Robert Blair’s farm is over 100 years old, but the fourth-generation farmer is working to keep it on the bleeding edge of technology. Located near Kendrick, Idaho, the Blair family’s Three Canyon Farms was one of the first farms in the U.S. to use drones.
“People still think of farmers as ‘American Gothic,’ with a pitchfork and chewing straw,” Blair said. “But farmers now use smartphones and precision ag tech.”
Precision agriculture is the use of technology to optimize farms’ production and increase their sustainability by responding to minute variations within fields. For example, farmers may use GPS to plant efficiently, or they may track productivity and the soil types of different areas on their land.
When the Federal Aviation Administration finalizes its regulations for drones, 80 percent of the new market is expected to consist of precision agriculture, according to the Association for Unmanned Vehicle Systems International, a leading industry group. A $3 billion market for agricultural drones may develop in the first three years after the airspace is cleared, according to the AUVSI’s estimates.
Blair uses drones to help him monitor his crops, which include wheat, garbanzo beans, lentils and barley. The technology lets him get real-time data on crop yields and watch for disease.
He began using unmanned aerial systems, or UAS, in 2006 and was named the PrecisionAg Institute’s Farmer of the Year in 2009. Now he’s working with experts in the aerospace industry and with the University of Idaho’s Biological and Agricultural Engineering Department to figure out how drones will be integrated into farms in the near future.
Seven miles from the University of Idaho, Washington State University researchers are also preparing for what high-tech farmers will need. “When the airspace market opens, that’s not the time to start research,” said Sindhuja Sankaran, a researcher and assistant professor of agricultural automation engineering at WSU.
Sankaran and a group of researchers at WSU’s Biological Systems Engineering Department study how to monitor crops using different optical sensors mounted on UAS. The cameras use a variety of sensors, including thermal imaging, near-infrared and laser optics, to capture a detailed kaleidoscope of data.
Farmers can use satellite imagery, but that may be hampered by cloud cover and, until recently, was legally limited to 50 cm resolution or less. UAS sensors, Sankaran said, can currently show 2.5 cm per pixel. [Ed. note: Previous version of the story incorrectly stated ‘limited to 50 m resolution’ instead of 50 cm.]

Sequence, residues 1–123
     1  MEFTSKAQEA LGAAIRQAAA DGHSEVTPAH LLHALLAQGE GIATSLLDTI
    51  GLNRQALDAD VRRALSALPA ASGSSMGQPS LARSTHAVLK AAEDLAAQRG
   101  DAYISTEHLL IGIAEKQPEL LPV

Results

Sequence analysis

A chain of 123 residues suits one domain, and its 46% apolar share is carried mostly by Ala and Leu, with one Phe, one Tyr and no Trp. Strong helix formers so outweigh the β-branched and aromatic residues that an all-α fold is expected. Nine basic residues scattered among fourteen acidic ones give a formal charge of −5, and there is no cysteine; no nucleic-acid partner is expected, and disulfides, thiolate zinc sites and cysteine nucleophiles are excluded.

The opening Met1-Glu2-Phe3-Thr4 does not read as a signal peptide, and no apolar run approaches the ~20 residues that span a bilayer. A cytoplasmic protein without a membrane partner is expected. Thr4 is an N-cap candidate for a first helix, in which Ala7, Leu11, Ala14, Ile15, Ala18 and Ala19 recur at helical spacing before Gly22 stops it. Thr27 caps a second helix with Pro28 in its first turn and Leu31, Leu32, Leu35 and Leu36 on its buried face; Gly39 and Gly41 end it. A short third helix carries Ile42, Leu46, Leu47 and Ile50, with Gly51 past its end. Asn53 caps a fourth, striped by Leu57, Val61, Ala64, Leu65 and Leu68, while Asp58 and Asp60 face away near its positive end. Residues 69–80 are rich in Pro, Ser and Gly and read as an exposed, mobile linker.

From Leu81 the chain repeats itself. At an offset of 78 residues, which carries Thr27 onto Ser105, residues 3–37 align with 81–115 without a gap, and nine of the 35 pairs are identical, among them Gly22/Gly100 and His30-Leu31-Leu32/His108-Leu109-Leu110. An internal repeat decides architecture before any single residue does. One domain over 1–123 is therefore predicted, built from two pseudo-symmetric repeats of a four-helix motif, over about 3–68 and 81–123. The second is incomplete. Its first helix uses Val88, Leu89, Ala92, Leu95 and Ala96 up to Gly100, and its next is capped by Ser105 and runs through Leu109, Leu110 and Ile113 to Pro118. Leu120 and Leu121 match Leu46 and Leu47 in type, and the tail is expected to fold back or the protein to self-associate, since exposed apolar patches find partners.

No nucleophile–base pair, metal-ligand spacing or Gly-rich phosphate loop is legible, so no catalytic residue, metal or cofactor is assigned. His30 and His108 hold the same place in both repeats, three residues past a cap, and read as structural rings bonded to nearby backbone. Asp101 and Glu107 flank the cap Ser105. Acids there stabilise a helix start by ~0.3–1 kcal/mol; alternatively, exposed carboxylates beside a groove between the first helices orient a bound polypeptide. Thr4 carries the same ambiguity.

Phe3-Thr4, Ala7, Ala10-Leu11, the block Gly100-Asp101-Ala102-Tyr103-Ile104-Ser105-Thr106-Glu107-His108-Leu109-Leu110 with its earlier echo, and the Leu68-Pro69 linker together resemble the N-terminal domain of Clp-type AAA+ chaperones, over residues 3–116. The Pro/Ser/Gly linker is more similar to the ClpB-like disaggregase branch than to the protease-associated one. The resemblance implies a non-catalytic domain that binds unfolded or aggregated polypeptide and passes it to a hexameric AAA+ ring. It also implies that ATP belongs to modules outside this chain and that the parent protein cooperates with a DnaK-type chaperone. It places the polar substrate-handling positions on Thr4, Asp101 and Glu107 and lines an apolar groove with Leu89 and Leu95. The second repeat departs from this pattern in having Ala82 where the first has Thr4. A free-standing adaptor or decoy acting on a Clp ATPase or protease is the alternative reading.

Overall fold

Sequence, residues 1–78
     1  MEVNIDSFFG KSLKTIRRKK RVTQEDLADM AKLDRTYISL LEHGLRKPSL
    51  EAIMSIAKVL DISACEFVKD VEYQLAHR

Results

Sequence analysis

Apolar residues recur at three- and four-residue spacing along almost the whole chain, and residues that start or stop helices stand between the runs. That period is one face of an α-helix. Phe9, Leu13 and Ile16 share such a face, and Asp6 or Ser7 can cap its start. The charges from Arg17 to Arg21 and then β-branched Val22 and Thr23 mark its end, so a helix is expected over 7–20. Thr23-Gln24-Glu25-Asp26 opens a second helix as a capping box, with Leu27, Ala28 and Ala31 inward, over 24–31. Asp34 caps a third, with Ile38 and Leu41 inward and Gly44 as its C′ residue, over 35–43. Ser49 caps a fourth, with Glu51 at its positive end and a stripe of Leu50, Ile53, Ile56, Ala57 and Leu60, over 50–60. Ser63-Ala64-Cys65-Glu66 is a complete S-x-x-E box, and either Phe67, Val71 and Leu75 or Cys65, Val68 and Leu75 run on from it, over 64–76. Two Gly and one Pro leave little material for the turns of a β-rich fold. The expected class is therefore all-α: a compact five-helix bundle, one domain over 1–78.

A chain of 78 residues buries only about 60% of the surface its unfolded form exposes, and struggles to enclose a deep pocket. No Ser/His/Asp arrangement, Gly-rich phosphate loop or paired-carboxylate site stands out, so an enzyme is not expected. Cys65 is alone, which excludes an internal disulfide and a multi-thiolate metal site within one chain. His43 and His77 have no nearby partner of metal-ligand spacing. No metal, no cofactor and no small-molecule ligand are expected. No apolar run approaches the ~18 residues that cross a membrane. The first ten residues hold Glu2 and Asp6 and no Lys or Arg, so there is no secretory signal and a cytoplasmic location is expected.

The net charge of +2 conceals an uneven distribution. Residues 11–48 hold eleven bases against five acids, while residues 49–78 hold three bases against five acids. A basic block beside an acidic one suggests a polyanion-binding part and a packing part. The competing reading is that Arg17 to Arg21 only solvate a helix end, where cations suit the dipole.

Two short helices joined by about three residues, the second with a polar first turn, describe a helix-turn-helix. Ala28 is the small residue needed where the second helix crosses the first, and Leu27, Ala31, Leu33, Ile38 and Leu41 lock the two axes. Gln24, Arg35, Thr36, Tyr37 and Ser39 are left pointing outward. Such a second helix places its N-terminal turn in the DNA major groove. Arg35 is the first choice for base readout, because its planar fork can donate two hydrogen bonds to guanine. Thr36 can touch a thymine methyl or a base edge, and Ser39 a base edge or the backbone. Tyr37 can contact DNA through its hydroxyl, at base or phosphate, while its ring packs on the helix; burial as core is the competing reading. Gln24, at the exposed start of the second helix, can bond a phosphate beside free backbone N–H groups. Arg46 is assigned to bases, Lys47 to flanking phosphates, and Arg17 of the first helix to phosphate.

Another part of her research is developing the software necessary to harvest useful information from the raw data. The data needs to be analyzed and translated to help a grower or plant breeder understand the crop, Sankaran said.
Lav R. Khot works with Sankaran on agricultural automation engineering and was one of the first WSU researchers to start looking at how agriculture could use drones. In his office sits an eight-armed hobby-class UAS known as an octocopter, ordered over the Internet from a German company.
Khot assembled the pieces and calibrated it to test out a variety of digital cameras. But the drone can’t be officially used until the FAA issues a certificate of authorization , Khot said.
“Only noncommercial groups can even apply for a COA,” he said. “If you can make one cent from using it, the present laws will stop you.”
The FAA has issued COAs to some public agencies that use drones for law enforcement, border patrol, firefighting and other activities. There are no guidelines or authorization yet for farmers who want to use UAS, but the FAA allows small drones to be flown recreationally, according to the rules for model aircraft.
Other countries, such as Japan, have used UAS in agriculture for 20 years, Khot said. According to the AUVSI, 90 percent of Japan’s crop dusting was done by unmanned systems in 2011. The mountainous terrain and aging population of farmers in Japan made farming with land-based systems difficult and spurred a change that American farmers have been slow to follow.
Because most of America’s farming is done on very flat ground, tractors and other land equipment worked fine to manage and observe crop conditions. But with the size of modern farms, drones are starting to make more sense, Khot said.